We have been carrying out multi-stage assessments to identify the preferred options and locations for collecting water from suitable sources, transporting it to the reservoir, and then on to homes and businesses. Our proposals for this associated water infrastructure will be shared during our phase two consultation.

The reservoir is part of our long-term plan to ensure we can continue to deliver enough water to local communities and businesses across our region, including in Lincolnshire.

You can read more about our plan for managing water resources and the background to our investment in infrastructure in our Water Resources Management Plan, by clicking below.

Water resources management plan

The reservoir's capacity has been determined by the Water Resources Management Plan process. This is the process water companies follow to identify what we need to do to secure water supply for our customers long-term.

Without long-term planning, there will simply not be enough water to supply our customers in the future, despite our leadership in leakage and resilience, and decades of hard work and investment in this area already.

Anglian Water’s current Water Resources Management Plans assesses what we need to do by 2050, taking into account increasing demands due to population growth, environmental needs and the climate change challenges facing water security.

The reservoir - including its capacity - has been identified as a crucial investment that we need to make to secure supplies for the future. You can read our Water Resources Management Plan below.

Read more

The reservoir would be funded by water company customer bills, with a third-party provider likely to construct and operate it.

This funding model is common on other nationally significant infrastructure projects and Ofwat, the water industry regulator, is keen that we explore similar options for the Lincolnshire reservoir.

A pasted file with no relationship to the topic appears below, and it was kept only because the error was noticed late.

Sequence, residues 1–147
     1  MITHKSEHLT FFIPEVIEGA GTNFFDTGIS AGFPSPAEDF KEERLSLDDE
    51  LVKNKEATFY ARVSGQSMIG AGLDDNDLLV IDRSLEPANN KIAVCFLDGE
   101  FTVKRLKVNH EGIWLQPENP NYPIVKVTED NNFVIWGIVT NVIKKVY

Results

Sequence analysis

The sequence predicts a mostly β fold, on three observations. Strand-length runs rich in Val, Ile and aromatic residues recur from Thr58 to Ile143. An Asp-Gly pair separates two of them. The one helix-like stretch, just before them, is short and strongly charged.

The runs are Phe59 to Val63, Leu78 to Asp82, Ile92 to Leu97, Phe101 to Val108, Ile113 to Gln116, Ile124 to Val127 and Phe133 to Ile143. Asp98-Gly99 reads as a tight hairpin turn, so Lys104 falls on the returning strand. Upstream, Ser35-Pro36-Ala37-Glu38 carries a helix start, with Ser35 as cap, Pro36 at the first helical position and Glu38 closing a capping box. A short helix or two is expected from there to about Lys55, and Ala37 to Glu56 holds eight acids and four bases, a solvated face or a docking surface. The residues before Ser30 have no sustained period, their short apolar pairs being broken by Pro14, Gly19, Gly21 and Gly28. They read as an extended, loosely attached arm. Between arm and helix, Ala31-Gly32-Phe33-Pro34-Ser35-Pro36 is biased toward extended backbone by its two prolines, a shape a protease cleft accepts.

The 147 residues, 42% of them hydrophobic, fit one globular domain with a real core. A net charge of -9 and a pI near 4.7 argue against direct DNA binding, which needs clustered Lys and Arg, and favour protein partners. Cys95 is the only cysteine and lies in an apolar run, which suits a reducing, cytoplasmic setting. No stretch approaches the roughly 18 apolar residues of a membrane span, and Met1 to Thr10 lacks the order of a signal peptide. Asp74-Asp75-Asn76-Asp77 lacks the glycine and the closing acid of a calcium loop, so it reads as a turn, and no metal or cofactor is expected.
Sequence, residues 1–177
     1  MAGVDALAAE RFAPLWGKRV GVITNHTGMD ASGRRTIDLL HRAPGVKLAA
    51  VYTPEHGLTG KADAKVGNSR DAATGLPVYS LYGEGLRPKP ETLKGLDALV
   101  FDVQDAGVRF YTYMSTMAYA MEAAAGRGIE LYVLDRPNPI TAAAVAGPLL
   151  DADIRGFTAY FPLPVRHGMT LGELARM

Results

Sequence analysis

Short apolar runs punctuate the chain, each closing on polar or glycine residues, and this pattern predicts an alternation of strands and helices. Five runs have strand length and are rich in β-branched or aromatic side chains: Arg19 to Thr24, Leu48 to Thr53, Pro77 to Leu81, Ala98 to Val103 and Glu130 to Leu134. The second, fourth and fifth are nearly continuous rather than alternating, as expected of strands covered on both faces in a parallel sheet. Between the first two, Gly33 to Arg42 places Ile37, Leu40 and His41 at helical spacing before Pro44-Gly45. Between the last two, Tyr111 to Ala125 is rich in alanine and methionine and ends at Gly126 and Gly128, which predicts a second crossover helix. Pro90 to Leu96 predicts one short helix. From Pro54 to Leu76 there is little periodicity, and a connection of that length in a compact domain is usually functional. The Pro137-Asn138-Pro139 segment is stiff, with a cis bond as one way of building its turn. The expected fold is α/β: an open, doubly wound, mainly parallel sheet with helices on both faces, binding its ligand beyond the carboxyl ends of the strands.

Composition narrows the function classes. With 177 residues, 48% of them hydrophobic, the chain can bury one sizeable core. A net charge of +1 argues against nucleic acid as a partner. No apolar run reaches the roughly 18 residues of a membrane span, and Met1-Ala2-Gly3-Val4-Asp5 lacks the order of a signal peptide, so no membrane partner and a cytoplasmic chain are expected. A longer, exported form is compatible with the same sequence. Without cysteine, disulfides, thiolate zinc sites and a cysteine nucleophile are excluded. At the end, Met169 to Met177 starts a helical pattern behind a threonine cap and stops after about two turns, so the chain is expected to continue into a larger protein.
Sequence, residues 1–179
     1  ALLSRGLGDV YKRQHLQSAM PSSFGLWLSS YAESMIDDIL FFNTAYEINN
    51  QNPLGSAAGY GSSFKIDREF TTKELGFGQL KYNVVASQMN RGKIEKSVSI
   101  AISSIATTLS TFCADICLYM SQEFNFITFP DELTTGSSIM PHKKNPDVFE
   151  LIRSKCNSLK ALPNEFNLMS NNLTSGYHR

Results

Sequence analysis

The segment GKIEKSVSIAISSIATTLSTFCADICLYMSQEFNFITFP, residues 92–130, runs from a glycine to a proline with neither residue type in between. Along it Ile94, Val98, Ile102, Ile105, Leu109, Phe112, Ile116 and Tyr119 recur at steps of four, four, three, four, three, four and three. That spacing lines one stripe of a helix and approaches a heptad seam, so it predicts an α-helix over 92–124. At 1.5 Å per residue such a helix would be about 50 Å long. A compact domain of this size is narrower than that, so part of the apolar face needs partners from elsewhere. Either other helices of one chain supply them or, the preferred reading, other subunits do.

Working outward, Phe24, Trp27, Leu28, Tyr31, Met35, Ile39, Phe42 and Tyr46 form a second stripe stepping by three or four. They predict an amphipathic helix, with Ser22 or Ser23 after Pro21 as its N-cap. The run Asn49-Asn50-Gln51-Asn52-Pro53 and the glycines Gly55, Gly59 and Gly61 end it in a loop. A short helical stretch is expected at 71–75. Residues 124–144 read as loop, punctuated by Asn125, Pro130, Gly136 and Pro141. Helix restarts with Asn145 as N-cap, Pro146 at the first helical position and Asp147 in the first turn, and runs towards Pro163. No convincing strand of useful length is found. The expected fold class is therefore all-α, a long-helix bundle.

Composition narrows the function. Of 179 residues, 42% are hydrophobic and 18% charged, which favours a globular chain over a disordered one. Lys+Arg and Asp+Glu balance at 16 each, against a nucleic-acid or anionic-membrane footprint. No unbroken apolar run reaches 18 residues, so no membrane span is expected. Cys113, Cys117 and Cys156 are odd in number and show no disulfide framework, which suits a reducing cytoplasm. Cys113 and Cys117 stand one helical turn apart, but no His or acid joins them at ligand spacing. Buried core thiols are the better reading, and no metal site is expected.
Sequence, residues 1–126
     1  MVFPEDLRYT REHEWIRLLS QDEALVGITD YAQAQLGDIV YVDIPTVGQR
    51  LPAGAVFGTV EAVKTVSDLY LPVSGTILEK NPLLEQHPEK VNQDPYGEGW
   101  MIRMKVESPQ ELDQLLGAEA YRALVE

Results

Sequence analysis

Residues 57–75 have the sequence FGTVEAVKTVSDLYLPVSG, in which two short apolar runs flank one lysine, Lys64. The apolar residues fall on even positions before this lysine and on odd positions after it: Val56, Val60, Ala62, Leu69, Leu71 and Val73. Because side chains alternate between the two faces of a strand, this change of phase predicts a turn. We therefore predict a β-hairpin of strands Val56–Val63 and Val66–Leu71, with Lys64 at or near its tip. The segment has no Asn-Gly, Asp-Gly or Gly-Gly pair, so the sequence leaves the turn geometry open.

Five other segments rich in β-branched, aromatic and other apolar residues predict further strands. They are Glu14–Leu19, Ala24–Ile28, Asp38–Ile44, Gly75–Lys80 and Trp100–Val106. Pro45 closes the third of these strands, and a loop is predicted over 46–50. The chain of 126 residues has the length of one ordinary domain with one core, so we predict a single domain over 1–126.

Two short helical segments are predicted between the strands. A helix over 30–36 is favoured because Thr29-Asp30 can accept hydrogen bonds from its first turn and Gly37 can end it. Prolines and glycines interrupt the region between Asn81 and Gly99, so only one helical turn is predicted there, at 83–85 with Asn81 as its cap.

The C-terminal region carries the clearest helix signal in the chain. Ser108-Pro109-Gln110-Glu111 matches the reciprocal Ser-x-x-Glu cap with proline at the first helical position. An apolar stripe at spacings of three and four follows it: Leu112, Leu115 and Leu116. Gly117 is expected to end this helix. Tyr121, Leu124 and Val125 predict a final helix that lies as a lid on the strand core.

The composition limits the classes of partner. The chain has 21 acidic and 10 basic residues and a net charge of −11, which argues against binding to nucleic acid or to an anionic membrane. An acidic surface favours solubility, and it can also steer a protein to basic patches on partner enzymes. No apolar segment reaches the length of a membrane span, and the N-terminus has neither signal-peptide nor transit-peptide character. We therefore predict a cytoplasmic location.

We will provide more detail on this as the project develops.

Due to the storage capacity of the reservoir, the project is classified as a Nationally Significant Infrastructure Project (NSIP). This means we need to make an application to the Planning Inspectorate for a Development Consent Order (DCO). The Planning Inspectorate will issue a recommendation to the Secretary of State who will then make a final decision as to whether the project is consented. We expect to make an application in 2026, and for the Secretary of State to make a decision by 2027/2028.

The feedback we receive from local people and all our stakeholders is key to making sure we develop the reservoir to keep impacts as low as possible, and create benefits for people and nature. All feedback from our first consultation has been reviewed, recorded and is carefully being considered as we refine our proposals. This will also be the case for feedback received during future rounds of consultation.

There are some aspects that are not open to influence. That’s because they cannot be shaped for technical reasons, such as safety and engineering requirements, or because they have been and continue to be established and consulted on through other statutory processes. This includes the project’s need case and the capacity of the reservoir, which are both set by the Water Resources Management Plan process.

If consent is granted to build the reservoir, construction could begin around 2029-2031, with the expectation that it would start supplying water to customer taps by 2039-2041.

We are committed to developing the project in a way that keeps environmental impacts as low as we can, while also exploring potential opportunities to encourage nature and biodiversity.